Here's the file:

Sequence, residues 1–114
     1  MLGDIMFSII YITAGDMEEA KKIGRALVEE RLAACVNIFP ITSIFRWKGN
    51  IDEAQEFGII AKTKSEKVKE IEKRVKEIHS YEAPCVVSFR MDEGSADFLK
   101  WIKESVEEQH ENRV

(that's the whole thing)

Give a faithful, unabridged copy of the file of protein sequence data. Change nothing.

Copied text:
Sequence, residues 1–114
     1  MLGDIMFSII YITAGDMEEA KKIGRALVEE RLAACVNIFP ITSIFRWKGN
    51  IDEAQEFGII AKTKSEKVKE IEKRVKEIHS YEAPCVVSFR MDEGSADFLK
   101  WIKESVEEQH ENRV